9. Assessment of two methods of gastric decompression for the initial management of gastric dilatation-volvulus.

    Science.gov (United States)

    Goodrich, Z J; Powell, L L; Hulting, K J

    2013-02-01

    To assess gastric trocarization and orogastric tubing as a means of gastric decompression for the initial management of gastric dilatation-volvulus. Retrospective review of 116 gastric dilatation-volvulus cases from June 2001 to October 2009. Decompression was performed via orogastric tubing in 31 dogs, gastric trocarization in 39 dogs and a combination of both in 46 dogs. Tubing was successful in 59 (75·5%) dogs and unsuccessful in 18 (23·4%) dogs. Trocarization was successful in 73 (86%) dogs and unsuccessful in 12 (14%) dogs. No evidence of gastric perforation was noted at surgery in dogs undergoing either technique. One dog that underwent trocarization had a splenic laceration identified at surgery that did not require treatment. Oesophageal rupture or aspiration pneumonia was not identified in any dog during hospitalization. No statistical difference was found between the method of gastric decompression and gastric compromise requiring surgical intervention or survival to discharge. Orogastric tubing and gastric trocarization are associated with low complication and high success rates. Either technique is an acceptable method for gastric decompression in dogs with gastric dilatation-volvulus. © 2013 British Small Animal Veterinary Association.

  10. Initial thoracic involvement in lymphoma. CT assessment; Afectacion toracica inicial en el linfom. Valoracion con TC

    Energy Technology Data Exchange (ETDEWEB)

    Bustos, A.; Corredoira, J.; Ferreiros, J.; Cabeza, B.; Jorquera, M.; Pedrosa, I.; Martinez, R.; Fernandez, C. [Hospital Clinico San Carlos. Madrid (Spain)

    2002-07-01

    To analyze the initial thoracic involvement by CT in a consecutive series of patients with lymphoma. A retrospective analysis was made of thoracic CT studies made at the time of diagnosis of 259 patients with lymphoma. Mediastinal pulmonary, pleural, pericardial and chest wall involvement was assessed by CT. Of 259 patients (129 men y 130 women), 56 had Hodgkin's disease (HD) and 203 had non-Hodgkin lymphoma (NHL). Forty-two percent (42.5%, 110/259) of the patients had chest involvement on CT: 33 of 56 patients with HD (58.9%) and 77 of 203 patients with NHL (37.9%). All the patients with thoracic HD and 71.4% of patients with thoracic NHL, had mediastinal lymph node involvement. of the patients with thoracic involvement 12.1% (4/33) of the patient with HD and 23.3% (18/77) of the patients with NHL had pulmonary involvement. Thoracic involvement on CT was more frequent in HD. Mediastinal lymph node involvement was the most common finding fundamentally in HD. Pulmonary disease always occurred in the presence of mediastinal lymph node involvement in HD but could occur as an isolated finding in NHL. (Author) 24 refs.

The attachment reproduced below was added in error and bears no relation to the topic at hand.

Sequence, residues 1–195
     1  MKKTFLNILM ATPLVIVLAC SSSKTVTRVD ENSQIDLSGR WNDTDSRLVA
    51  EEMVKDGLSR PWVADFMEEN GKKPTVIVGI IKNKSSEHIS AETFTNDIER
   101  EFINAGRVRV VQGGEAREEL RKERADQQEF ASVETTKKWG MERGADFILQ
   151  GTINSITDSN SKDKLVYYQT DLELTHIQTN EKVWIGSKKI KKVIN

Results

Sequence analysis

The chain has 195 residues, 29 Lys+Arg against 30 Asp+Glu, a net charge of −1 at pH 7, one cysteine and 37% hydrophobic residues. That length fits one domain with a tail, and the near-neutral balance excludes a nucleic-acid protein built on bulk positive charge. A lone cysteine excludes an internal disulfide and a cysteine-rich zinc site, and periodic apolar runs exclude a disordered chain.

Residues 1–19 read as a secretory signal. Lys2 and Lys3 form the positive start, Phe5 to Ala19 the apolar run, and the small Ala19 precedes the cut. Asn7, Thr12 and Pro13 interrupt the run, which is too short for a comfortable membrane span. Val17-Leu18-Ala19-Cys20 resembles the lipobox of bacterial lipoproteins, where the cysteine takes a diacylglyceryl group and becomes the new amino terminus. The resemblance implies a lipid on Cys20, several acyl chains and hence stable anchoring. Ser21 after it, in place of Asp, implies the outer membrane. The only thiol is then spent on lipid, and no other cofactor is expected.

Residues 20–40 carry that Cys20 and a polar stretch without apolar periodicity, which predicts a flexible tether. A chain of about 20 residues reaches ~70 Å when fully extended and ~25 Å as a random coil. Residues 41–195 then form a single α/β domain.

11. Inspection of licensee - Maintenance programme and activities

    International Nuclear Information System (INIS)

    2013-01-01

    An effective maintenance programme is critical to sustained safe and reliable operation of nuclear power plants. The Working Group on Inspection Practices (WGIP) concluded that when a licensee has an effective maintenance programme, the overall operating safety of the plant is improved and the protection of public health and safety enhanced. All Regulatory Bodies (RB) consider maintenance to be an important area for oversight. Although a variety of inspection practices are being used; RB are actively monitoring licensee performance. Specifically the following conclusions were reached and commendable practices identified: - Maintenance oversight by regulators appears to be in a stable continuous improvement state. Most regulators are executing inspection oversight based on an existing regulatory framework. - The performance of a licensee's maintenance programme is recognized as important part of maintaining nuclear safety. The result of the maintenance program assessment is included in the overall performance assessment of a license. - Maintenance inspection activities are recognized as an important part of the regulatory oversight process. Inspection activities are based on the safety significance and nature of work being performed by the licensee. - The effectiveness of the maintenance inspection activities is recognized to rely on properly qualified inspectors; who are adequately supported by specialists. Training and qualification of inspectors should be based on how the RB reviews and inspects licensee maintenance programmes. - Reporting requirements are identified to provide information on the licensees maintenance programme, and to help guide inspection activities. - Performance Indicators are recognized as a useful tool for helping focus regulatory activities. Basic PI are identified and tracked by the RB, and use of PI by the licensee is monitored. - Inspections are designed to confirm that the licensee is planning and scheduling maintenance with due